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Why Road Trips Make the Best Vacations During COVID and How to Plan Your Best Trip

Updated: Oct 13, 2020

Summer is usually the time for family vacations, but to get on an airplane or stay in a crowded hotel…for many the risks are just too high. This doesn’t mean you have to spend the whole summer staring at the same four walls of your house though.

The secrets to vacationing safely this summer are self-sufficiency and self-containment. Road trips are a great way to have both…and they're more fun than just camping in your own backyard!

Who Shouldn't Take a Road Trip

Before we dive in, if you or someone you quarantine with are immunocompromised, then it’s best to stay home. Road trips are less risky than other types of vacations, but they are by no means risk free.

Planning Your Trip

It may seem idyllic to meander down unknown paths and choose your direction on a whim, but these days, it’s best to plan ahead. You’ll want to go online to read which states are the best or worst with regard to the virus, and what the corresponding restrictions are. This way you can plan the safest route possible, as well as the route most likely to have services that are open should you need them.

According to a recent survey by the U.S. Travel Association and MMGY Travel Intelligence, 68% of travelers “feel safest when traveling by personal vehicle and when visiting outdoor destinations such as parks and the beach.”

When planning your road trip, you’ll also want to focus on the outdoors. A trip to the Mall of America may be on your bucket list…but it’ll have to wait. Road trips during COVID are all about plenty of fresh, clean air and open space to spread out from others. So, focus on parks, camping locations and beaches.

Deciding How to Travel

If you already own an RV, then you can skip over this section, because you’re good to go! If not, there are two options to consider depending on your trip plans:

Taking a longer trip or planning to stop at multiple destinations? We suggest renting an RV such as a motorhome or travel trailer. Avoid renting small pop-up trailers, as many don’t come equipped with a bathroom and you don’t want to be forced to use public facilities. While renting an RV means using a vehicle that has been used by others, the company you rent from should have disinfecting and cleanliness standards in place (and you can ask for specifics). You should also gear up with mask and gloves before you hit the road, and give the RV another good cleaning, just to put your mind at ease. Focus on high impact areas, such as light switches, doorknobs, and kitchen and bathroom areas.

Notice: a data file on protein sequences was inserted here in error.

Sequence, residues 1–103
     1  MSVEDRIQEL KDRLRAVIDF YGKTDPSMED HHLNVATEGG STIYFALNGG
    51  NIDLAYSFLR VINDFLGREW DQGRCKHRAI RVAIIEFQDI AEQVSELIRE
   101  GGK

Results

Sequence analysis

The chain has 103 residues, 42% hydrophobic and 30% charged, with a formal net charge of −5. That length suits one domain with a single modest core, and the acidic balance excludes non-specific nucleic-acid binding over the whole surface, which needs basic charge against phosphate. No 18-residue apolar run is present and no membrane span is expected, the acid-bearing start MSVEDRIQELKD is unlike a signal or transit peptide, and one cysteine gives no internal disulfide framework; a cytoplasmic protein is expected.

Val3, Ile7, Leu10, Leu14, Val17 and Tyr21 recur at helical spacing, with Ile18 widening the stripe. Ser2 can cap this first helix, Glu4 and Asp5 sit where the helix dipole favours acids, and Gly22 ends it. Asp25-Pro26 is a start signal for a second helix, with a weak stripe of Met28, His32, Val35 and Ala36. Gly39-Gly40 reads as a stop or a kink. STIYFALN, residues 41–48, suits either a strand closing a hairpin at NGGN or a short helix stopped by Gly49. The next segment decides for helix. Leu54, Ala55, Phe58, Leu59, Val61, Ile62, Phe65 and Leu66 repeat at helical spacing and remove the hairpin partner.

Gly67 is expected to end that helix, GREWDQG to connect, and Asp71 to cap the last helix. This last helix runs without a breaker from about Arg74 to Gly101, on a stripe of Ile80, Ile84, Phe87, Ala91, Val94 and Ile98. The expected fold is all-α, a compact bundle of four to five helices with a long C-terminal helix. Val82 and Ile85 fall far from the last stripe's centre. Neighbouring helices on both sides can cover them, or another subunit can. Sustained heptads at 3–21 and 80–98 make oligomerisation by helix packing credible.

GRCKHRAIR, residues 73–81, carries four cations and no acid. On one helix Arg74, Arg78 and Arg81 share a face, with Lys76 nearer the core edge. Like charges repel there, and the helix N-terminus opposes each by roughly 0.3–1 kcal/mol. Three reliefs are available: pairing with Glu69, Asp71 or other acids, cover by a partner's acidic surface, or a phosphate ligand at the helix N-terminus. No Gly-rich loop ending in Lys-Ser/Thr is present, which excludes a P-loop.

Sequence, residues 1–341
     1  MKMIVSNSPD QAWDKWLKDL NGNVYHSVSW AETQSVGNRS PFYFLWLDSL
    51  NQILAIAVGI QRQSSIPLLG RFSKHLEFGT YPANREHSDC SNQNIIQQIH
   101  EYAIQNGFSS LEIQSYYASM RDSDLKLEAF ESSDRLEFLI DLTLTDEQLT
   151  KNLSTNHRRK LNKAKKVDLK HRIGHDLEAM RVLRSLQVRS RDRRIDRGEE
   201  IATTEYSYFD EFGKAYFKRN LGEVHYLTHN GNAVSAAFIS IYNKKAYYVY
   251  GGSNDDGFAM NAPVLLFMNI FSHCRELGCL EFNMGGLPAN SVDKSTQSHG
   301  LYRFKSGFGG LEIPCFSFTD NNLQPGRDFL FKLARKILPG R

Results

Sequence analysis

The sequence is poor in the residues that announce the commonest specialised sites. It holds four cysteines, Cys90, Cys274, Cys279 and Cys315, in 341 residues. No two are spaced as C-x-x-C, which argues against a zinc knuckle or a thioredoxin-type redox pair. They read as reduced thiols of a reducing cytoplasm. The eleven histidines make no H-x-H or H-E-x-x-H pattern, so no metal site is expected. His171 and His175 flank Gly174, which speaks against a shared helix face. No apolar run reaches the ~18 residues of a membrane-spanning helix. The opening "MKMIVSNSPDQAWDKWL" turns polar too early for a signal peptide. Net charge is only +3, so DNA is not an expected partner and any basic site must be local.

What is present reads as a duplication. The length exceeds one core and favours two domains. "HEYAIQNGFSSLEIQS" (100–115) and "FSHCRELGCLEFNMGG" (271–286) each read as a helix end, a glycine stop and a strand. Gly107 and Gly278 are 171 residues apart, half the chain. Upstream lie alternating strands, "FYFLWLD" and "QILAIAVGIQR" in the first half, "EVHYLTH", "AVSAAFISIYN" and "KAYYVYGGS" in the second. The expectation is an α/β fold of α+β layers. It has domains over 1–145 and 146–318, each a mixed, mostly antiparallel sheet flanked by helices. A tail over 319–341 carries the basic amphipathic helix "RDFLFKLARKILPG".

Renting an RV gives each passenger more personal space than a regular car would, plus a lot more storage for packing everything you’ll need for the trip. Remember, self-sufficient and self-contained!

Taking a shorter trip with one, or a couple, destinations that you can reach in one day? Then you may opt to pack up your own car and rent a cabin or park model camper from a campground at your destination(s). We suggest this instead of staying in a hotel, because it’s much more private. You won’t have to go through busy lobbies or ride in elevators to get to your room. However, it’s best for short trips, such as a long weekend, because your car doesn’t have as much space for packing food and other essentials as an RV does. Like the RV though, we suggest doubling down on sanitizing when you arrive, just to be extra safe.

If you do plan to take your own vehicle, make sure to give it a thorough inspection before you leave. If you run into an issue on the road, it may be more difficult to find a service center that is open. So, before you head out, check your tires, tire pressure and pack a spare as well. Test drive your brakes for a grinding sound or a vibration which could mean they need to be serviced, and make sure your AC is running well at the same time. Top off your engine oil and other fluids, including windshield washer fluid. Finally, pop the hood and make sure all the connections (especially to the battery) are clean and tight.

Thinking of tent camping? Think again. No running water and no bathroom means you’re not self-sufficient or self-contained. As we write this, most campgrounds aren’t even open to tent campers yet.